(Monk Mink Pink Punk) Bryan Day's solo noise project involves his self made instruments that use magnetized plumb lines, metal tape measure parts, hand crafted contact mics (the Whiskerphone) and smart uses of electronic processing. The focus is sharp diffusions of metallic scrapes, tiny electronic buzzes and gamelan like tones. It's an intense, evolving mass of noise akin to Voice Crack. - Josh Ronsen
(Foxy Digitalis) The manipulation of mechanical and instrumental components is central to the structure of this record, made up of three pieces totalling thirty-five minutes. The album’s first track, “Threadbare Margins,” sounds like it is composed of the taking apart of a guitar; and moments of radio static, microphone-popping, and unidentifiable metallic- and bell-like ringing throughout the recording make for an aseptic musical landscape. There is a stripping down of musical elements throughout the work, and the album’s title is a good description of its subject matter and content. Although instruments are not played in a conventional sense on the album, tempo is important: the recordings sound digitally cut up and then placed back together in such a way that they each become a non-stop set of repetitions of percussive noise delivered at a fast clip. There is a type of essentialism to the record that is well done, and the intelligence with which the music is made is apparent: “Simpler Machines” is a good release, but its sparseness is also its defining characteristic for better and for worse, and may be too spartan for some listeners, but rewarding for others. - Jordan Anderson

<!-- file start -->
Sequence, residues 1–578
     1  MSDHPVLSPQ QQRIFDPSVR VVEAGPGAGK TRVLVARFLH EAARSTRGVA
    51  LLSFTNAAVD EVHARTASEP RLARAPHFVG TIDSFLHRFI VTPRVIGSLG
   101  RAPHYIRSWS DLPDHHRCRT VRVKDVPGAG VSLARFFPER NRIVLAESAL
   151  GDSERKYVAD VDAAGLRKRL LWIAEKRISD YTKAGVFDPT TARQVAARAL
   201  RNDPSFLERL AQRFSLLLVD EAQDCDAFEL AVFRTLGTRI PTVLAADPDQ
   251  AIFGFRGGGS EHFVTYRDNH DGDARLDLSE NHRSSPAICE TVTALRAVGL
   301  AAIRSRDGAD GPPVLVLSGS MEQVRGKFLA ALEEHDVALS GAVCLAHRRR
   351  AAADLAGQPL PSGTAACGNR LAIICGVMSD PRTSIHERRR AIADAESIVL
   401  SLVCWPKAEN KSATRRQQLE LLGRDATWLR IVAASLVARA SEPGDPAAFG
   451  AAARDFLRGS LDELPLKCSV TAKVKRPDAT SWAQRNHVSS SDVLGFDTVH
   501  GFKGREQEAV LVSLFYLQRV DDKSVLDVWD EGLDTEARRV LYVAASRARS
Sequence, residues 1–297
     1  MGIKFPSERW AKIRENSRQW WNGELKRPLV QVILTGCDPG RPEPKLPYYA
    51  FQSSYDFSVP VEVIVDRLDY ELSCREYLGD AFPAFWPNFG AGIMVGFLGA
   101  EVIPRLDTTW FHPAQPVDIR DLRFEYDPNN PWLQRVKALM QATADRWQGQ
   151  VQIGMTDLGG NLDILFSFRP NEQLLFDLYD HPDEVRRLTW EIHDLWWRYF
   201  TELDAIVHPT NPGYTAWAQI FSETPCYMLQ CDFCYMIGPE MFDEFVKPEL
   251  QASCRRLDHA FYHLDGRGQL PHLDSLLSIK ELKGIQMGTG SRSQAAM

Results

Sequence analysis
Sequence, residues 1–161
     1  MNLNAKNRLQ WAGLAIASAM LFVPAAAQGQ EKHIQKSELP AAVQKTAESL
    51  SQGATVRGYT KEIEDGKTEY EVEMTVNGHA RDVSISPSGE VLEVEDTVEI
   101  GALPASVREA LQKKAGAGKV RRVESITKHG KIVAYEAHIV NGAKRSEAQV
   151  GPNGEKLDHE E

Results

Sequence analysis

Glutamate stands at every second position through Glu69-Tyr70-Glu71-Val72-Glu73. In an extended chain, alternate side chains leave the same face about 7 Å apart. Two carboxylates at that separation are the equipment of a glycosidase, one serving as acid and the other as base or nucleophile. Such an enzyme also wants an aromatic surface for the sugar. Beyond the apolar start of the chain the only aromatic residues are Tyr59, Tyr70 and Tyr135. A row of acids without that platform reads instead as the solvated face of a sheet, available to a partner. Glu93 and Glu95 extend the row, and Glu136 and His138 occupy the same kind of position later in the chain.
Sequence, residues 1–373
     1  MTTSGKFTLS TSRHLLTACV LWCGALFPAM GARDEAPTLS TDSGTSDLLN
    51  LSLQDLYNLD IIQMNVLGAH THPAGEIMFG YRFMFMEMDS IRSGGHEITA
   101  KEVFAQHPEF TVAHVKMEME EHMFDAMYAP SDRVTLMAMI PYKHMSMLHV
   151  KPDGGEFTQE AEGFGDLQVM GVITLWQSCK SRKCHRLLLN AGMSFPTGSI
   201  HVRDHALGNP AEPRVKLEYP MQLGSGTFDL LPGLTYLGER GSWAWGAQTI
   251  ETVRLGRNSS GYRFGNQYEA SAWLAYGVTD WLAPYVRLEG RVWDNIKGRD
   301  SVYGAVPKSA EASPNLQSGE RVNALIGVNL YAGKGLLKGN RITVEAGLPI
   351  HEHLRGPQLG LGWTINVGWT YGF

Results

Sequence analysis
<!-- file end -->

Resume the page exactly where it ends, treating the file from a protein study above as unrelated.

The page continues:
(Vital Weekly) On ‘Simpler Machines’, the list of instruments reads as follows: ‘commodore 64, games of chance, metal can, oscillators, steel pan, taisho-goto, tapewarp, transceivers and whiskerphone’. Musically it seems to me there is also a link to be shared with Tore Honore Boe and also Kapotte Muziek. In the first, untitled, there is a total absence of electronics for Bryan Day, with scraping of objects and surfaces, metallic approach and such like. The electronics come in with the second track, but are kept to a bare minimum. The third track is a extension of the first, it seems. Definitely not easy music, and as such quite demanding to hear. Maybe not to be taken at once. - Frans de Waard
(Monsieur Délire) Eloine is Public Eyesore/eh? director Bryan Day. This record features three long pieces involving several antique devices and found objects: oscillators, transceivers, metal cans, and even a Commodore 64. Three long tracks, rather monotonous at the macroscopic level, and full of semi-haphazard sonic meetings at the microscopic level. - François Couture
(Homemade Alien Music) link to streaming webcast.